That tingling and numbness you feel in your hands and feet may be a common (and treatable) side effect of cancer therapy.
by Nessa Coyle, NP, PhD, and Julie K. Silver, MD
Cancer survivors may experience nerve pain, often described as tingling, burning, or numbness. They may also have problems with balance and coordination if the symptoms are in the feet. If the hands are involved, survivors may complain of dropping items or having difficulty buttoning shirts or using a cell phone.
These symptoms often occur due to a common cancer-related problem called peripheral neuropathy. With this condition, nerves outside the brain and spinal cord have been injured, often by cancer treatments like chemotherapy. Sometimes, the symptoms are temporary and gradually decrease after cancer treatment is completed. Other times, the symptoms persist, requiring ongoing medical attention and care. Peripheral neuropathy may affect one nerve or several – what doctors often call a “stocking” or “glove” distribution, meaning that the problem involves the part of the foot or hand that would be covered by a stocking or a glove.
Chronic health problems, such as diabetes or excessive use of alcohol, can also cause or contribute to neuropathy.
Although peripheral neuropathy may be a side effect of cancer treatment, it may also be caused by or exacerbated by other conditions not associated with cancer. This is why it is so important to get a proper diagnosis for this condition.
Causes of Peripheral Neuropathy
In cancer survivors, peripheral neuropathy is usually caused by damage to nerves from surgery, radiation treatment or chemotherapy. The latter is called chemotherapy-induced peripheral neuropathy, or CIPN. Nerves also may be injured by a tumor pressing on them. Chronic health problems, such as diabetes or excessive use of alcohol, can also cause or contribute to neuropathy. CIPN, the most common type of cancerrelated neuropathy, generally affects the hands and/or feet.
What to Do if You Think You Have
If you suspect that you have peripheral neuropathy, you should
- Report any new symptoms to your doctor – the right diagnosis is essential.
- Avoid self-medicating, and talk to your doctor about appropriate treatment for peripheral neuropathy. If you are in active treatment, your doctor may want to change your regimen, such as adjusting your chemotherapy dosage.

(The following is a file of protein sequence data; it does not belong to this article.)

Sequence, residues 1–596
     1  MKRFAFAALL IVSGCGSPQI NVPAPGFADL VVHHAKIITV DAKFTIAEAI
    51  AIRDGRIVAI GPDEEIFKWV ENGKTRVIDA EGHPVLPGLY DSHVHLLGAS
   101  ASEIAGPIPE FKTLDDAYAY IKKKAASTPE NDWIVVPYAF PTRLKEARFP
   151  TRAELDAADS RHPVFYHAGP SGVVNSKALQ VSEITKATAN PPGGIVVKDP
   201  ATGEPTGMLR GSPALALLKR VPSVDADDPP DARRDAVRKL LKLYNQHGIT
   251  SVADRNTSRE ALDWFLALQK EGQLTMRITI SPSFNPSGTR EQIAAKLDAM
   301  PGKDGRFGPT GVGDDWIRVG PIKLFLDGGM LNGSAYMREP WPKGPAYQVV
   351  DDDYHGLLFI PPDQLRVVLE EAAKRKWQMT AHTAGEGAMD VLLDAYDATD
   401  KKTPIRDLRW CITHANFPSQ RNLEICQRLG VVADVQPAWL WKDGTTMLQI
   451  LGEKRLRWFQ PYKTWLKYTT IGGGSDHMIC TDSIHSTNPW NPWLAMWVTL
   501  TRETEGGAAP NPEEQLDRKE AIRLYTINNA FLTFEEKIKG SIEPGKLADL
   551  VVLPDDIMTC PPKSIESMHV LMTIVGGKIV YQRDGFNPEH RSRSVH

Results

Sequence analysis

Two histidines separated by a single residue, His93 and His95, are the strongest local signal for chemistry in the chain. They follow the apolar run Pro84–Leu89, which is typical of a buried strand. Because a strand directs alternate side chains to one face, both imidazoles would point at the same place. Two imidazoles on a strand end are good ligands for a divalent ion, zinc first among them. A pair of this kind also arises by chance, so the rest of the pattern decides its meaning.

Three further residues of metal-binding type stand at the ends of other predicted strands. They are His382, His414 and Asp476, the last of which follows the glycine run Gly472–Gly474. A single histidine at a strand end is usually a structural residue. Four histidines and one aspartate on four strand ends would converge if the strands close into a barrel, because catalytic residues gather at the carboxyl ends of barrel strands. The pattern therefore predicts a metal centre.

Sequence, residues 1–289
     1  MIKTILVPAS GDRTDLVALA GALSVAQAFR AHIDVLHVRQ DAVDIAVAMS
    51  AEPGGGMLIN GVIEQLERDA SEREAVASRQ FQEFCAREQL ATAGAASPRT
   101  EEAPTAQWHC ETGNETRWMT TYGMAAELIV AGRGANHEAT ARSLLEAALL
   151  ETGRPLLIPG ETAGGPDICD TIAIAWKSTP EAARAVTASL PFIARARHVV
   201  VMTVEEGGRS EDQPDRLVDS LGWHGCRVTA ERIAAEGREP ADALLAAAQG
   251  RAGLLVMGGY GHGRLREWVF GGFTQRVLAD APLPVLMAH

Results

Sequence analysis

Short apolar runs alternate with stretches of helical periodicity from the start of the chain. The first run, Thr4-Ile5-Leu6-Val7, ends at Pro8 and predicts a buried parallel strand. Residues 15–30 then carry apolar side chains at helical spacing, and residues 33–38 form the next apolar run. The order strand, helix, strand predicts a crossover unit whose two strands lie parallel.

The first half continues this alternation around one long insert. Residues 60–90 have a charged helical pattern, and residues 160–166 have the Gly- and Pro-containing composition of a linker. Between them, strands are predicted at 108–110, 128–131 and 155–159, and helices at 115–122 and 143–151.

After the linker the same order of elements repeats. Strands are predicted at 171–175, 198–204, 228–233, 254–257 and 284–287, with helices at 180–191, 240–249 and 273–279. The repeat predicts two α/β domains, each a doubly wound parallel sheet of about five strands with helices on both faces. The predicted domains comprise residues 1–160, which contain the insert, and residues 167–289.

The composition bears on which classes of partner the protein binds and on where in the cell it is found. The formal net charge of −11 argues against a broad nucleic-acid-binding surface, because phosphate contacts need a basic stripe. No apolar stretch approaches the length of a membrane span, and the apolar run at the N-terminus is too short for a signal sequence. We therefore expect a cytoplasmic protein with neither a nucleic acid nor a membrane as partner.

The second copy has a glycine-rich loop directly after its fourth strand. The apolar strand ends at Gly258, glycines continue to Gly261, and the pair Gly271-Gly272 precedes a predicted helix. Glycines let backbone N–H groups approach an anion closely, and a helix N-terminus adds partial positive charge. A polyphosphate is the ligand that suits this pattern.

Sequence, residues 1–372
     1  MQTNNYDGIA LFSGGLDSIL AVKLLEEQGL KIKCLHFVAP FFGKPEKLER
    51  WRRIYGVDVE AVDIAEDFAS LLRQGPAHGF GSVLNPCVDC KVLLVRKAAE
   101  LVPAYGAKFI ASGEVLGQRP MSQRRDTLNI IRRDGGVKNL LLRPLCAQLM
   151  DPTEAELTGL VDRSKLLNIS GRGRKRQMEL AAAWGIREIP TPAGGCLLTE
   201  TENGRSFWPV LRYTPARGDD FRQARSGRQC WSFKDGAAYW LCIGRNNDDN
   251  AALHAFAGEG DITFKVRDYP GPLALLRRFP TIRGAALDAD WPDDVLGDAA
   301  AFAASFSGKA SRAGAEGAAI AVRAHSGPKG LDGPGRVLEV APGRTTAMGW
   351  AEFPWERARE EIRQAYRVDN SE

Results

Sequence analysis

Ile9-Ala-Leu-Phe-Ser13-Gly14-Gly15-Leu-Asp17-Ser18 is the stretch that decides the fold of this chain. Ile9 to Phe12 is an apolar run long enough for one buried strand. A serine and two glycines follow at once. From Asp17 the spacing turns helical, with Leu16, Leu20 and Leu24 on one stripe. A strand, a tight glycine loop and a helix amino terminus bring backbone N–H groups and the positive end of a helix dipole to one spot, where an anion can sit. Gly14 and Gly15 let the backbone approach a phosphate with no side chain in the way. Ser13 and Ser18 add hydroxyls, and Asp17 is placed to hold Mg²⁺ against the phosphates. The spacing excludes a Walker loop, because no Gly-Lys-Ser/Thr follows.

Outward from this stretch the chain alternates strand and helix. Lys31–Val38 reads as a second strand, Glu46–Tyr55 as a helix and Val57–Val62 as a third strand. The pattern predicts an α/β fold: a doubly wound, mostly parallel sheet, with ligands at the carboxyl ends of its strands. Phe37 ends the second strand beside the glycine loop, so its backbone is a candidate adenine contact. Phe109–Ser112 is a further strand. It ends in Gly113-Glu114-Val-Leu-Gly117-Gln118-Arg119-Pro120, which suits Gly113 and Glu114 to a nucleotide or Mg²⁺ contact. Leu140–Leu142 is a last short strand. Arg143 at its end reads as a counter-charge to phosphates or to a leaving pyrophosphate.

- Limit or avoid drinking alcohol; it is toxic to nerves.
- Control your blood sugar if you have diabetes.
Treatment Options for Peripheral
Peripheral neuropathy can be treated with both prescribed medications and non-pharmacologic methods.
Dr. Julie Silver
♦ Medications Your doctor may prescribe different classes of drugs, such as antidepressants, antiseizure medications, topical local anesthetics, and opioids. Regardless of what your doctor prescribes for the discomfort, it’s best to keep ahead of the pain. Don’t wait until you are miserable to take the medication.
♦ Non-pharmacologic treatments There are many non-pharmacologic treatments for peripheral neuropathy, including relaxation therapy, meditation, acupuncture, and transcutaneous electrical nerve stimulation (TENS). Physical therapy and occupational therapy can also be extremely helpful in promoting strength, balance, and coordination.
Managing Peripheral Neuropathy
There are several things you can do at home to improve function and lessen neuropathic pain. Pay extra attention to your feet if that is the area of your neuropathy. At least once a week, use a handheld mirror to check your feet for sores or open wounds. Comfortable shoes are important. Look for extra-depth and extra-width shoes. Rocker bottom soles might also make walking more comfortable. A cobbler can put a rocker bottom sole on most shoes (except high heels).
You should also pay close attention to your hands if they are affected. If your hands feel clumsy or weak, consider buying household tools, such as kitchen knives and hammers, with a wide grip. Use electric appliances, like can openers, rather than manual ones.
Cancer treatments can wreak havoc on your body. However, you deserve to live with as little disability and pain as possible. If you have pain or problems with balance or coordination from neuropathy, ask your doctor for a referral to a specialist who treats these issues.
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Dr. Nessa Coyle is a nurse practitioner in the Supportive Care Program of the Pain and Palliative Care Service at Memorial Sloan-Kettering Cancer Center in New York, NY. Dr. Julie Silver is an assistant professor at Harvard Medical School. She is the author of What Helped Get Me Through: Cancer Survivors Share Wisdom and Hope (American Cancer Society, 2009) and is the founder of Oncology Rehab Partners (www.OncRehab.com).
This article was published in Coping® with Cancer magazine, November/December 2009.